It’s also probably an effect of leadership. Our trek lead Karthik was one of a kind, helping us emerge from our shells and shake a leg up on the mountain. Naada was stoic and supremely efficient, and I had interesting conversations with her about being a female trek lead in this male dominated profession. Psst, Karthik led an Everest Base Camp group earlier this year and bumped into THE Reinhold Messner who was celebrating 40 years of his famous no-O ascent of Everest. I almost cried at this picture.

Gui Campsite

Our Two Himalayan Treks So Far

Our first foray into the Himalayas was in Kashmir, three years ago. After six days in the mountains and another six days spent exploring the cities in the Kashmir valley, I was speechless. The beauty of the hinterlands clashed with the strife of the cities and I had about a zillion thoughts in my head, none of which I could elucidate. Writer’s block about Kashmir plagues me even today. A few months ago, I decided to chronicle just the trek so that one of the most beautiful experiences of my life doesn’t get lost to human memory. You (and I, heh) can find it here – The Kashmir Great Lakes Trek (KGL).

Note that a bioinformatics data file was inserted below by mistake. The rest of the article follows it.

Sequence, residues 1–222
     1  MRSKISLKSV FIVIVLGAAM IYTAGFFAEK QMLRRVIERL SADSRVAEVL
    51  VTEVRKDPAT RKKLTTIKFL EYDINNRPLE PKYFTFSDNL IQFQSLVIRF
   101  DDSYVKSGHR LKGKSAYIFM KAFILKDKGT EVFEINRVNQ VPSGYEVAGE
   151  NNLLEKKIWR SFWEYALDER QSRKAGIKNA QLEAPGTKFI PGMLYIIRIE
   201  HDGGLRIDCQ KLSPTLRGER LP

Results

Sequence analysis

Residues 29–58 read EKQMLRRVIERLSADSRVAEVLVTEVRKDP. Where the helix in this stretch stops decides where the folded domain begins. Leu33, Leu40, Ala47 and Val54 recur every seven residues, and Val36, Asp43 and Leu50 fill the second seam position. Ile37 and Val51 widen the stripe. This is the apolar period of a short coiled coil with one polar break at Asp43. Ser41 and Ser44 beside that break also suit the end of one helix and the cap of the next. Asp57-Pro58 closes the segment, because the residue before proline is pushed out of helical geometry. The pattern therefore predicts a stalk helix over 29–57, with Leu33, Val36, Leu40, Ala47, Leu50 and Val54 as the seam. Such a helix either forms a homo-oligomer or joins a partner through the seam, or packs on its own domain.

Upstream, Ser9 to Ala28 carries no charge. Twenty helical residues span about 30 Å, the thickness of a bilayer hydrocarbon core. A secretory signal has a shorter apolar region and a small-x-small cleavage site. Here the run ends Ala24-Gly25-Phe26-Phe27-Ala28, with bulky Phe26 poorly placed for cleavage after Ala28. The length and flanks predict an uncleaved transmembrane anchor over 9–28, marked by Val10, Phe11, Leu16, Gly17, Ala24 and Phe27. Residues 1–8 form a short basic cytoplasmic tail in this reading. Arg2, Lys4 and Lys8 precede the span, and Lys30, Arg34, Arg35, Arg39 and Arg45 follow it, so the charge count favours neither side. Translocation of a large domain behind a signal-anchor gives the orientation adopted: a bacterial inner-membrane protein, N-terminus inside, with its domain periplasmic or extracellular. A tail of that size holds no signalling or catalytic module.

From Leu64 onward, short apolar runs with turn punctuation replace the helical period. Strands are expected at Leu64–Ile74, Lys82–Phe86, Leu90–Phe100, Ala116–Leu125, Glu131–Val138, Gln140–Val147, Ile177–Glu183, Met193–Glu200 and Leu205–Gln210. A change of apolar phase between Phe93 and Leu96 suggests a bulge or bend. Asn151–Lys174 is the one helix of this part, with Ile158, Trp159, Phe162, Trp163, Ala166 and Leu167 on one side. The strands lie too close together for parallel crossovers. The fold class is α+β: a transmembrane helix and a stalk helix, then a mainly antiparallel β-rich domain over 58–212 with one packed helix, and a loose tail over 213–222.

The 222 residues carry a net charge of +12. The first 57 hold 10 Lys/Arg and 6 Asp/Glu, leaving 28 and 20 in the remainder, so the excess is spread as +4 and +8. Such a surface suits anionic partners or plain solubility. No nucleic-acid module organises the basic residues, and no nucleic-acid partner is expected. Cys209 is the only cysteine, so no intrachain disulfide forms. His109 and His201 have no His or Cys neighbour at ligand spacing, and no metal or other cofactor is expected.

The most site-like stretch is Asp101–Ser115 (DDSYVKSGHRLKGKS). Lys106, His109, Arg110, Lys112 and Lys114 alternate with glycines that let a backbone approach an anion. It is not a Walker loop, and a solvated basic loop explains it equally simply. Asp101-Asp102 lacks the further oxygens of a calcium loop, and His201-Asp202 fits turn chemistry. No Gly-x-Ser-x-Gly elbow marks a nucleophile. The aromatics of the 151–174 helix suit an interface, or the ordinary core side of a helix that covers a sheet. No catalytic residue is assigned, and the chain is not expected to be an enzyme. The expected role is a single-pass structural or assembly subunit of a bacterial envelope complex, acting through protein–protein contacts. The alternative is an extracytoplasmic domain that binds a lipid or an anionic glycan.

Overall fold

It’s only natural to compare the two for observational purposes in my head. Right from access to basecamp, distance covered each day, terrain and views, these two Himalayan experiences were mightily different yet produced the exact same sweeping feelings (that I like to call my mountain highs) and disconnectedness from civilization. Altitudes were similar yet the views so different since they are in different Himalayan ranges. I hope there’s a third trek, that is when the experiences will solidify and I will learn more about both the mighty Himalayas and my equation with the mountains.

No views guaranteed from the top

An attempt at conscious travel

Now this is rather easy with Indiahikes. Their GreenTrails effort attempts to not only leave the mountains as we found them, but to strive to leave them cleaner than we found them. We pick up as much trash as we can along the way to stuff into our eco bags, which will then be sorted, recycled and upcycled by local village labour after being hauled back to the plains. Read their inspiring stories here. This is the kind of stuff I turn to on days I start losing hope in the world.

We had a few water bottles and takeaway boxes this time since we feared a water issue in Haridwar on the way forward, but on the way back we picked a fancier hotel and I exercised all my Hindi efforts to get our trek bottles refilled. Hah, and I thought I’d never learn patience! We stopped by Humayun’s Tomb in Delhi on our transit back home, and while I have much to say about the state of Indian monuments, this time I was quite surprised to see no shops and a water filtration system in place to fill our bottles. Score, Humayun’s Tomb.

Book (re)read on the trip: Seven Steps From Snowdon To Everest, Mark Horrell. I’ve been to Snowdon and I yearn to just see Everest from afar someday, so there’s a certain lure this book has for me. 

All photos courtesy the better half, B. Thank you for opening my eyes to the Himalayas.

One for the memories!